Asthma Nebulizers and Inhalers: What helps you breathe easy?

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Don’t know how to differentiate between asthma nebulizers and inhalers? Unsure of what helps you breathe easy? Read these handy FAQs to find out all you need to know on asthma nebulizers and inhalers.\r\n\r\n

How do I know if I need an asthma nebulizer or an inhaler?

\r\n\r\nYou should begin by discussing your condition with your healthcare professional. Find out what medication you are being prescribed and how often you need to take it, and then you can discuss the most effective way to administer it. Asthma treatment holds many factors to consider, such as the age of the patient: young children and the elderly often find asthma nebulizers more effective as they are easier to use. On the other hand, someone who is constantly on the move may find an inhaler or a small portable nebulizer easier to carry than a larger model.\r\n\r\n

What kind of nebulizer is right for me?

\r\n\r\nWhich kind of nebulizer is best for you depends on your lifestyle. If you are constantly on the move then a smaller model that you can fit in your bag or hold in your hand will be more convenient. If you will be taking your medication in the same place each day – for example at home or the office – then a bigger asthma nebulizer can be kept on the table. Whichever model you decide is right for you, the most important thing is to use it as prescribed, as it helps you breathe easy.\r\n\r\n

My child suffers from asthma. Should we use an inhaler or a nebulizer?

\r\n\r\nInhalers are easily portable and very convenient, but it can be hard for children to use them correctly as the inhalation of the medication has to be carefully timed. That means that the full dose may not reach the lungs, reducing its effectiveness to help your child breathe easy. Nebulizers are easier to use as all the patient has to do is breathe normally through the mask or mouthpiece, but some larger models can be relatively noisy which some children may find unpleasant. If you are looking for a nebulizer for kids, the colorful C801-KD is designed especially for kids and has an ultra-quiet compressor, so may be a good choice.\r\n\r\n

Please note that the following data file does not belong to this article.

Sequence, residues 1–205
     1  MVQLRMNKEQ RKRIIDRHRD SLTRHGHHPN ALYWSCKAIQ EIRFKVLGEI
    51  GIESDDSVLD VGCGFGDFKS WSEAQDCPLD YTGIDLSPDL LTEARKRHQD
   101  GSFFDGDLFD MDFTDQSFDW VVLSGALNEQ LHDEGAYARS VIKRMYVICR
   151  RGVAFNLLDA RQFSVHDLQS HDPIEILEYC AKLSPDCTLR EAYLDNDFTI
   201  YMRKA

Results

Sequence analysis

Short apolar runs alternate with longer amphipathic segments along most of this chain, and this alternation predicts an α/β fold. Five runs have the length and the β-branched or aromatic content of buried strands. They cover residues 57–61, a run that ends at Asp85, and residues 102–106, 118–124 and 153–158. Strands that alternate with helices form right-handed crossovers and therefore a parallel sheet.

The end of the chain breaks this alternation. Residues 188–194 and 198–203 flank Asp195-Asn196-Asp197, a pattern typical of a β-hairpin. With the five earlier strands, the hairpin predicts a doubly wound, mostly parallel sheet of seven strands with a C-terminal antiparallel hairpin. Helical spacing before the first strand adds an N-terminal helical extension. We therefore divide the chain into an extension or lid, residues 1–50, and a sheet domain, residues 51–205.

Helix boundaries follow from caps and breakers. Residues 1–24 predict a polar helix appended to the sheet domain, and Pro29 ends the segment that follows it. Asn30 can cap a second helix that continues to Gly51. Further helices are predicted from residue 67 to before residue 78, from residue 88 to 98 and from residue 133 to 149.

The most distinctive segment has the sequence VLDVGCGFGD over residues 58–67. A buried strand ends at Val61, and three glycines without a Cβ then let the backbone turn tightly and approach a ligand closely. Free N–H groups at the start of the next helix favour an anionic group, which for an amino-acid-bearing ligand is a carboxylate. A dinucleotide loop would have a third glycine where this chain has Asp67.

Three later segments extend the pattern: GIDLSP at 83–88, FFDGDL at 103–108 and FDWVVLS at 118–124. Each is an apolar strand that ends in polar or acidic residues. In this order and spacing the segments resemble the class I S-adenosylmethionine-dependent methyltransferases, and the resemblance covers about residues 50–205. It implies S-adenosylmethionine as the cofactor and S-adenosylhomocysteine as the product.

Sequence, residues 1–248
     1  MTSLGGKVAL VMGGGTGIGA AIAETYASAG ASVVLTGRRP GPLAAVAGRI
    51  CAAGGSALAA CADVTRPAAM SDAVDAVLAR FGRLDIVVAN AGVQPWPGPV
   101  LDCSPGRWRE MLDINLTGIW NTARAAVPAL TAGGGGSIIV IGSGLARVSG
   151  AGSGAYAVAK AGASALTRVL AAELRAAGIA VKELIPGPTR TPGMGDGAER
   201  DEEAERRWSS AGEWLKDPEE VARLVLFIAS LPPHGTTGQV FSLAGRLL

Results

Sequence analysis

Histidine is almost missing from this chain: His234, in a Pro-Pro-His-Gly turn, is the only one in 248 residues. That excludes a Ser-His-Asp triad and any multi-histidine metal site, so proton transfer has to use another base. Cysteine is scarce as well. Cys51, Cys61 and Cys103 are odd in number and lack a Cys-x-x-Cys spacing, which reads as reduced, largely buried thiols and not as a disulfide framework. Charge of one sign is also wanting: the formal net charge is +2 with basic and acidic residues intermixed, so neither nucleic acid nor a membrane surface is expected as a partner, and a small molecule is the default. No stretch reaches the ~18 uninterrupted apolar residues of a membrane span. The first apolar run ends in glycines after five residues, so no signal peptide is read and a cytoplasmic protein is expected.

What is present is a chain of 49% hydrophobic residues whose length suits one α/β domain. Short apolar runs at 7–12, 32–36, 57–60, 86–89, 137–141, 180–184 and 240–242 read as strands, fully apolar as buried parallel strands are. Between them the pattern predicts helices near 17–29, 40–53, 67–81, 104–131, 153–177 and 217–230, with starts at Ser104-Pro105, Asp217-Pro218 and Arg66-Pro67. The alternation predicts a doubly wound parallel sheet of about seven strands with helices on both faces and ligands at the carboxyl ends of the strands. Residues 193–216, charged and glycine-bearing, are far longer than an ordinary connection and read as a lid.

I’m constantly on the go during the day. Does that mean I can’t use a nebulizer?

\r\n\r\nNot at all. It’s true that larger asthma nebulizers are best suited to being kept in one place, such as at home or the office, but there are several smaller models available that will fit easily into a purse or bag so you can take it with you wherever you go. This is an effective alternative to inhaler medications.\r\n\r\n

What are the common mistakes with inhaler and nebulizer use?

\r\n\r\nInhalers can be tricky to use correctly. The most common mistakes are not shaking it properly before use, inhaling too sharply or at the wrong time, and not holding your breath for long enough once you have inhaled the medication. On the plus side, the dose is metered so if you avoid these mistakes you will get the correct dose.\r\n\r\nNebulizers are more easy to use: simply put on the mask or mouthpiece and breathe normally. As you will most likely add the medication to the nebulizer yourself it’s important to ensure that you add exactly the dosage prescribed.\r\n\r\n

How do I know if I have enough medication left?

\r\n\r\nThis can be a problem with older inhalers as there is no way to know how much medication is left, and they continue to make a puffing sound even when the dispenser is empty. Newer inhalers over the counter sometimes have a dose meter, you can get around this by keeping a note of how many times you have used the asthma inhaler.\r\n\r\nAsthma nebulizers typically have the medication added manually to the medication cup reservoir before each use, so it’s much easier to tell how much you have remaining.

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